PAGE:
The United States is no shrinking violet when it comes to cyber attacks.

At the RSA Cybersecurity Conference in San Francisco, Department of Homeland Security (DHS) Secretary Kirstjen Nielsen made it clear that the United States has “a full spectrum of response options” to defend against cyber attacks and hacks.

In particular, Nielsen said the United States has not ruled out offensive cyber attacks against foreign countries as a means of combating hacks against U.S. infrastructure or meddling in U.S. elections.

Protecting the country’s critical infrastructure assets is a growing concern for DHS. Just last month the agency issued a rare public alert about a large-scale Russian cyber campaign targeting U.S. infrastructure.

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With the growing risk to infrastructure in mind, Nielsen said she would consider recommending cyber strikes when planning responses with her colleagues at other agencies. However, she did note that DHS would not be the agency to launch a cyber attack.

“We have to raise the cost of the attack,” Nielsen said.

Nielsen’s comments came at the heels of a joint announcement from DHS, FBI, and Britain’s National Cyber Security Center. In an unprecedented joint statement, the agencies warned that Russia is using compromised computer-network equipment to attack U.S. and British companies and government agencies.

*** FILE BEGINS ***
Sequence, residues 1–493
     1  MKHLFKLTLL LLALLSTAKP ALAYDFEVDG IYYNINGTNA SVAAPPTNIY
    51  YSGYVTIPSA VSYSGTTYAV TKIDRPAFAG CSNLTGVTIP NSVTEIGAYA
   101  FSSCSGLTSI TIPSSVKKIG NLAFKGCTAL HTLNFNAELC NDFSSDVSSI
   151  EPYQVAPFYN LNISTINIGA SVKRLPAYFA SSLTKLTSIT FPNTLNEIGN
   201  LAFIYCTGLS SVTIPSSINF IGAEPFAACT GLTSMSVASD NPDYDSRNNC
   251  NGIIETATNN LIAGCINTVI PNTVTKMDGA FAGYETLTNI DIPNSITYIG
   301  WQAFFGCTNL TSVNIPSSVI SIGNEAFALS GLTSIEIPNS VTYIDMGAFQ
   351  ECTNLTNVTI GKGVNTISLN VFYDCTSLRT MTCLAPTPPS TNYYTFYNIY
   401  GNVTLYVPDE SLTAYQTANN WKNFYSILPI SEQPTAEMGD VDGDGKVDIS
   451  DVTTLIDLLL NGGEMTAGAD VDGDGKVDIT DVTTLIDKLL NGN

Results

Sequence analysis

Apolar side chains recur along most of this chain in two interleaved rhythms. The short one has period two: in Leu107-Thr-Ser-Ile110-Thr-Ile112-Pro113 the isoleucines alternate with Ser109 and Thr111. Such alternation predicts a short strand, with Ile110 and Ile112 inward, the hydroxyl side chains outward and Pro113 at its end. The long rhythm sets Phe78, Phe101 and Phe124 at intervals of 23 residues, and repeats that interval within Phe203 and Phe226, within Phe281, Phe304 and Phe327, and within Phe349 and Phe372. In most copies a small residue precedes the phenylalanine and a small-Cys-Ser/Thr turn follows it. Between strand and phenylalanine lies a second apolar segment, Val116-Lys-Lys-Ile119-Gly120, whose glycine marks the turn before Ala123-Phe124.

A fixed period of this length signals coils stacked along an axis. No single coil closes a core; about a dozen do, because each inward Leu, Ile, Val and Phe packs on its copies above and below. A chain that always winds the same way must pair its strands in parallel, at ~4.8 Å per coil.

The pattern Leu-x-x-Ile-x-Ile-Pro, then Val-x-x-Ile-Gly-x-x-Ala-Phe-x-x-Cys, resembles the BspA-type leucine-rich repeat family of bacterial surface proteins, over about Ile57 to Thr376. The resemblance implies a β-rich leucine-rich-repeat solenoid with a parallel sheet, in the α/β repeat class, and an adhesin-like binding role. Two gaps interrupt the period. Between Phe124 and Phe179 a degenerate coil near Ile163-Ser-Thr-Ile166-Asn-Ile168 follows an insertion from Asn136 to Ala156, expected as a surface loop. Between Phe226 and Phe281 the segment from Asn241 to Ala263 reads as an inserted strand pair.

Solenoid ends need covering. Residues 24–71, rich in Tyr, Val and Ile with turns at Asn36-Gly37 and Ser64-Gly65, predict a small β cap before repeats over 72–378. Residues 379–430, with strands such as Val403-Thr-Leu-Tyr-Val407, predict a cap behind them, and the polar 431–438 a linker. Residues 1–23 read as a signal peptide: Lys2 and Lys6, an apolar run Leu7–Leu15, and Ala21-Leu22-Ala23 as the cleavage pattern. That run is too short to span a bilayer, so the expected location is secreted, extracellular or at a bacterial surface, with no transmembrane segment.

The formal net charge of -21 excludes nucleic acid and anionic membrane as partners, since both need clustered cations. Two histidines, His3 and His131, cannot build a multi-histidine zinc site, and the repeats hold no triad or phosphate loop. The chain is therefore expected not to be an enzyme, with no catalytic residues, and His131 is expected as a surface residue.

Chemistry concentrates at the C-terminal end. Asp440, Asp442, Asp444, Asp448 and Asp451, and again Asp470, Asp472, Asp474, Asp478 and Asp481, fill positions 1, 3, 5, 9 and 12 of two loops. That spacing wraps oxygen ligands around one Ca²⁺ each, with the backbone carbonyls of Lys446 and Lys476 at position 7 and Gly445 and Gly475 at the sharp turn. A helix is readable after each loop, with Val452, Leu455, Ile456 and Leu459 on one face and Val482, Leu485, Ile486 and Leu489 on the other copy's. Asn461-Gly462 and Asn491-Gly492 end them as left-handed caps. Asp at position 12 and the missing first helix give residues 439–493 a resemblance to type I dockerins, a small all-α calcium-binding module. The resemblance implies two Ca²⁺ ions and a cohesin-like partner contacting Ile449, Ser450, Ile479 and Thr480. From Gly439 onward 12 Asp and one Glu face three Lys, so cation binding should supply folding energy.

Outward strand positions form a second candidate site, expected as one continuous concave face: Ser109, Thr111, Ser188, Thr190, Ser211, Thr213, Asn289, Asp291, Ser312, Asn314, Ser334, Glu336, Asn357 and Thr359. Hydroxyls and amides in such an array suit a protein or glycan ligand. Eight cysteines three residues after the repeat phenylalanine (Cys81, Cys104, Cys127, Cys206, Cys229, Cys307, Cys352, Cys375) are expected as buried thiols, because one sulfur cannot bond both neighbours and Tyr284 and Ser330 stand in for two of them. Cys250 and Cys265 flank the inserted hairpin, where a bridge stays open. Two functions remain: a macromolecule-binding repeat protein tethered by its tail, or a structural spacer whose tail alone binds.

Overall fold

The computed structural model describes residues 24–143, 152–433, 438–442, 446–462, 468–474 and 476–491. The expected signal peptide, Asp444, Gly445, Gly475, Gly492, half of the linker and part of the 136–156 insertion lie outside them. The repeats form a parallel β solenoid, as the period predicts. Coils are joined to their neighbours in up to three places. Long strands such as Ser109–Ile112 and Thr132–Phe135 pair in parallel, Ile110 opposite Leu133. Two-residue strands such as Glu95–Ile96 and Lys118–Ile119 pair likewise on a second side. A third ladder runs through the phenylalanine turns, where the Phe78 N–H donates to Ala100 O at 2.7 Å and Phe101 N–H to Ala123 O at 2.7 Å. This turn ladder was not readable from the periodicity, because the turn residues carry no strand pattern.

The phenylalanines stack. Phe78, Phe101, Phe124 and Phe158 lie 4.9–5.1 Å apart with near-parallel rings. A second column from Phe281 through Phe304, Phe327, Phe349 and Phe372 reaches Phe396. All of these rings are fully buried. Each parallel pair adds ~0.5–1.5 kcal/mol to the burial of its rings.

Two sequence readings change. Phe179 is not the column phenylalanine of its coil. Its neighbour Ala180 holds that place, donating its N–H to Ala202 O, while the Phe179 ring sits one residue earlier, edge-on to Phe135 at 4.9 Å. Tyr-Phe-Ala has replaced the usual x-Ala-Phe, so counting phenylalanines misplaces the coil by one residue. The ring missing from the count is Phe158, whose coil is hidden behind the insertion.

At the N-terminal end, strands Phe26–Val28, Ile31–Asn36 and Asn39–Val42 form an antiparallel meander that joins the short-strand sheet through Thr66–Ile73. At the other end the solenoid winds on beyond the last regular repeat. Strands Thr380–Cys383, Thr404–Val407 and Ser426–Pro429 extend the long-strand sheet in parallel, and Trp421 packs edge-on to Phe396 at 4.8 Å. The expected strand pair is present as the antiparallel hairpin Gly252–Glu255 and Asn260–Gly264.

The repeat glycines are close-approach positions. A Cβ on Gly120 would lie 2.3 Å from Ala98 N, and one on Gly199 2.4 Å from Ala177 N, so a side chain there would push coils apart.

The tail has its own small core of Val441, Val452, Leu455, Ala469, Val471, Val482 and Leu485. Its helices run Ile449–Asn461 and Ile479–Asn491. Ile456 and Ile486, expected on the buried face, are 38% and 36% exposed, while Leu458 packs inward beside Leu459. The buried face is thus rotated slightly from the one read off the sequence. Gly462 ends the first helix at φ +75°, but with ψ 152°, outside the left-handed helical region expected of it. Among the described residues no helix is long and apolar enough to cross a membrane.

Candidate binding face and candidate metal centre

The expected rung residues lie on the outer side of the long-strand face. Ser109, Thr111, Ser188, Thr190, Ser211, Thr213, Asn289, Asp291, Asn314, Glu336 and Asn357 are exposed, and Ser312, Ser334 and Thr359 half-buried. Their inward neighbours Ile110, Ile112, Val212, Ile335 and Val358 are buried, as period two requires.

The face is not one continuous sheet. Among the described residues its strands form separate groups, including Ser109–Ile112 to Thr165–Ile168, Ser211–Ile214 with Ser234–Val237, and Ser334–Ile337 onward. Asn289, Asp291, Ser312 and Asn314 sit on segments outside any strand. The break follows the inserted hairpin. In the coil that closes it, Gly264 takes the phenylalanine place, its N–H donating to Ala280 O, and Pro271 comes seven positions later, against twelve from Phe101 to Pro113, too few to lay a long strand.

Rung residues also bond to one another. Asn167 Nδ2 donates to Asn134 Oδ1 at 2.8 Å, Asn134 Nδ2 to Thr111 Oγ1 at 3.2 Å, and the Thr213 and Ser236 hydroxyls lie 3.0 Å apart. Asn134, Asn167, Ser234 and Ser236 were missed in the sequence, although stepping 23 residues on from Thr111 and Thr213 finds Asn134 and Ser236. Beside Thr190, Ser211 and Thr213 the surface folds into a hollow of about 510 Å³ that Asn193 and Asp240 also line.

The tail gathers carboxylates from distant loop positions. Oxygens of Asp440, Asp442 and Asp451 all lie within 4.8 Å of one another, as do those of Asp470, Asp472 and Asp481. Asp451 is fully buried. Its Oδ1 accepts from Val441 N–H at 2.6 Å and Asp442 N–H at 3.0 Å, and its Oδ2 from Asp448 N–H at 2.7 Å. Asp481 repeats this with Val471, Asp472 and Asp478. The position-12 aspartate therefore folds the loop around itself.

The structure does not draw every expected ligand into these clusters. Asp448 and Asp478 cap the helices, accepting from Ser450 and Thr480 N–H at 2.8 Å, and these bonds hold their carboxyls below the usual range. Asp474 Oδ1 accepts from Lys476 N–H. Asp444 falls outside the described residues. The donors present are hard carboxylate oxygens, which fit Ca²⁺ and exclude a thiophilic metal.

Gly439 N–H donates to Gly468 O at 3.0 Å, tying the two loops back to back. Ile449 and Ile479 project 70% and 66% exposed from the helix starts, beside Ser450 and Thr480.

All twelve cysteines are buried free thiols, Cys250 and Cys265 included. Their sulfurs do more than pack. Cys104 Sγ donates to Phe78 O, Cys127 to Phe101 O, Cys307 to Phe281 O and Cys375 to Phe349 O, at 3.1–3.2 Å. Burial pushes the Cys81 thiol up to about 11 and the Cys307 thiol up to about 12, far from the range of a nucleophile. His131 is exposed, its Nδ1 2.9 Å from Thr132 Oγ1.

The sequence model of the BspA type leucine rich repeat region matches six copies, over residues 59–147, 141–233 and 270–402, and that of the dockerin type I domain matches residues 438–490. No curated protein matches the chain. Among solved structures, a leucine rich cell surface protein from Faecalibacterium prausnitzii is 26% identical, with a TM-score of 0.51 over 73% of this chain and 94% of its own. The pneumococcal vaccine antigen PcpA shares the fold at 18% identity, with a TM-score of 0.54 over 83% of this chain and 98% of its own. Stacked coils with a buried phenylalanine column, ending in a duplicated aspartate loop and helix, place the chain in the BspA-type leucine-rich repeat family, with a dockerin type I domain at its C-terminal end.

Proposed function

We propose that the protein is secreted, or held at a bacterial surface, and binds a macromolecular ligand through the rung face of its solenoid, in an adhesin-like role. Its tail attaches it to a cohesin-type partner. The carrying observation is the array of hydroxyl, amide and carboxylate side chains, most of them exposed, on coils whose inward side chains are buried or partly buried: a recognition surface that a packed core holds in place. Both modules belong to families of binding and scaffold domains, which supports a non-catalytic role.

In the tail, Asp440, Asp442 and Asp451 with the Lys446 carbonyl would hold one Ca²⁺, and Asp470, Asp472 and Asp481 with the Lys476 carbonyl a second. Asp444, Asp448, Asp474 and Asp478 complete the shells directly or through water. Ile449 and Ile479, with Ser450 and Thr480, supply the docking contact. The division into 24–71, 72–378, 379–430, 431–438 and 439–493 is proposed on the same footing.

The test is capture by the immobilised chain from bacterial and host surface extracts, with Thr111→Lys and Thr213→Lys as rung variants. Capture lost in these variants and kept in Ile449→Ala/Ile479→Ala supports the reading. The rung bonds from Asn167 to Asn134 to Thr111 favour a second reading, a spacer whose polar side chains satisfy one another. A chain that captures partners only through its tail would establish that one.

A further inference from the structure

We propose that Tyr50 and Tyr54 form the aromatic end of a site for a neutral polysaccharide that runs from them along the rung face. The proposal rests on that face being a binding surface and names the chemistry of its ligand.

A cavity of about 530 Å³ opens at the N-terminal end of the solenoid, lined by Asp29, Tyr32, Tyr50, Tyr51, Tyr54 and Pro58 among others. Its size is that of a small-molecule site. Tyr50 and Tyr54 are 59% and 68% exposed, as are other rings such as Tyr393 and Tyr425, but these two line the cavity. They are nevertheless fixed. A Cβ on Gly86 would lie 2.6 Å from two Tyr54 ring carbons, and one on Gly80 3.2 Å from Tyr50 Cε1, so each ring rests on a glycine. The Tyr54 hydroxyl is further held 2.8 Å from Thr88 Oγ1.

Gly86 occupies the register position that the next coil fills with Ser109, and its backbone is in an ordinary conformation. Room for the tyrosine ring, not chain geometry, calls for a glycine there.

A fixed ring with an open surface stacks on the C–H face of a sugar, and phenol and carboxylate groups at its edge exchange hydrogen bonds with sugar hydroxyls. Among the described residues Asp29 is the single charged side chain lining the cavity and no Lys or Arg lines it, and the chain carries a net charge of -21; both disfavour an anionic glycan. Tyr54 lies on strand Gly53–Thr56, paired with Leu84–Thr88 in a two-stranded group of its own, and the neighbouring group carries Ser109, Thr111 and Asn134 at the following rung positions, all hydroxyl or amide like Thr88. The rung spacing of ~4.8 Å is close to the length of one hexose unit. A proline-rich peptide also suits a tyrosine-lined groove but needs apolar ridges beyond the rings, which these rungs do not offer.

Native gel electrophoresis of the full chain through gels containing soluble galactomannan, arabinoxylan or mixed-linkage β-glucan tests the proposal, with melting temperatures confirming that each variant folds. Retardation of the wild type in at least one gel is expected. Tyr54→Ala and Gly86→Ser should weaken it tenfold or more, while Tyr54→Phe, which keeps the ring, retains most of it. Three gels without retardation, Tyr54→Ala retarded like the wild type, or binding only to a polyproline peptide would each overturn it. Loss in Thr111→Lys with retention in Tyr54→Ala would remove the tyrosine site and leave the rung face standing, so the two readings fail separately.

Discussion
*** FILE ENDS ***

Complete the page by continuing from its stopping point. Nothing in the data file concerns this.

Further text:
“Russian state-sponsored cyber actors are using compromised routers to conduct ‘man-in-the-middle’ attacks to support espionage, extract intellectual property, maintain persistent access to victim networks, and potentially lay a foundation for future offensive operations,” the joint statement said. “The current state of U.S. network devices–coupled with a Russian government campaign to exploit these devices–threatens the safety, security, and economic well-being of the United States.”

Tech companies also took time this week to weigh in on cyber attacks. Tech giants, including Microsoft and Facebook, announced a joint pledge not to assist any government in offensive cyber attacks. The pledge, named the Cybersecurity Tech Accord, promises to protect all customers from attacks regardless of geopolitical or criminal motive.

“We recognize that we live in a new world,” Microsoft President Brad Smith said at the RSA Cybersecurity Conference. “We’re living amidst a generation of new weapons, and where cyberspace has become the new battlefield.”

In addition to Microsoft and Facebook, 32 other companies signed the pledge, including Cisco, Juniper Networks, Oracle, SAP, Dell, Symantec, FireEye, and Trend Micro. Notably, there were no Russian or Chinese companies included in the pledge. U.S.-based Amazon, Apple, Alphabet (Google’s parent company), and Twitter all sat out of the Cybersecurity Tech Accord.

While the private sector is looking to stay out of the fray, it’s clear Nielsen isn’t afraid of a cyber fight.

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Kate Polit
Kate Polit
Kate Polit is MeriTalk's Assistant Copy & Production Editor covering the intersection of government and technology.